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Healthy Life: Olives and Olive Oil


Olives and Olive Oil

by Valerie Lull, MH


I have always loved olives. They have a permanent place on our family table for dinners like Thanksgiving, and special occasions. Olives are a staple in the Middle East and are used extensively in the Mediterranean diet as they have been used for centuries. The squalene in the oil has been used for beauty treatments and olives are said to prevent heart disease. Olives are widely used in cooking.


Olive oil is good for the heart. It contains biophenols which lower the oxidation of bad cholesterol. It also reduces blood pressure and the formation of plaque in the arteries. Reduction of inflammation is another property of olive oil. Some researchers claim that olives have anti-aging properties.


Olives contain monounsaturated fat which is also found in nuts and avocados. This is a healthy fat. It helps to create HDL cholesterol in your body which is the good kind of cholesterol. It also helps to lower LDL cholesterol, the bad kind.

Olives contain vitamin E as well as antioxidants. Research shows that they may help prevent osteoporosis and cancer. Nutrients in olives include the minerals iron, copper, calcium and sodium. Antioxidants include oleuropein, hydroxytyrosol, tyrosol, and Quercetin. Olives contain some substances that scientists say have anti-cancer properties. These are squalene and terpenoid.


There are several kinds of olives. We know primarily green olives and black olives. The main difference is that black olives are riper than green ones. Olives straight from the tree have a bitter taste. Before eating they need to be cured. Olives are low in carbs and high in healthful fats. They make a tasty and healthful snack.


The best kind of olive oil is extra-virgin. Studies suggest that extra-virgin olive oil is best for lowering blood pressure and decreasing mortality from cardiovascular disease. Olives contain antioxidants that improve cognition in the brain.

When storing olive oil keep it in a cool dark space. Direct light and heat can destroy the quality of the olive oil. Be sure your extra-virgin olive comes in a dark bottle. A bottle of extra-virgin oil is good for about 2 months after opening. Do your research and find out where and who the olive oil is from. Some brands are not what they say on the label and have other oils mixed with them. The best way to test this is to put the bottle in the refrigerator. If the oil solidifies it is the real thing. If it doesn’t its not.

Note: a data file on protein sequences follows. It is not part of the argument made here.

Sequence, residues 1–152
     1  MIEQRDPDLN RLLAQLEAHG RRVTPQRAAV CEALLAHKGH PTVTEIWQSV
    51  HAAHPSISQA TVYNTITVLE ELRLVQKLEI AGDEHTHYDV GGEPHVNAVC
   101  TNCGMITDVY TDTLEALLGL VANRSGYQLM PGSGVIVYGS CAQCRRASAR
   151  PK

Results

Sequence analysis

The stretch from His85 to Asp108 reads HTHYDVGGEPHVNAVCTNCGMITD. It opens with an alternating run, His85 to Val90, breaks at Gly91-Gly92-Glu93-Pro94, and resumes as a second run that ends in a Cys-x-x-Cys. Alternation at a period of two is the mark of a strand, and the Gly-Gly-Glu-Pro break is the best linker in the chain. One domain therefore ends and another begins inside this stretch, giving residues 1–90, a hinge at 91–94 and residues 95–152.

There are some downsides to olives. Some people are allergic to olives. The olives may contain heavy metals depending on the soil where they are grown. Some olives contain acrylamide which is linked to risk of cancer. Olives also contain a lot of sodium which can cause blood sugar to go up.


References:


Mercola

Healthline

Medical News Today

About the Author


Valerie B. Lull, author of Ten Healthy Teas, is an herbalist and wellness coach. At the age of 45 she was diagnosed with Diabetes and staying in good health became her passion. She studied at the American College of Healthcare Sciences in Portland, Oregon. Valerie has always had a passion for staying healthy and for the health benefits of teas and the various ways they can be prepared. Valerie’s passion for tea started in childhood, when she experienced a traditional-style teatime with her Canadian relatives.


Read about tea, herbs, spices and nutrition on her blog. Visit her at her website and on Twitter. You can contact Valerie via email as well. Valerie’s new book, Glorious Garlic! is now on Amazon. Check it out.



You can read her “Healthy Life” column on the 4th Monday each month here at Mustard Seed Sentinel.


#ValerieLull #HealthyLiving #OliveOil #VirginOliveOil #MedicalNewsToday

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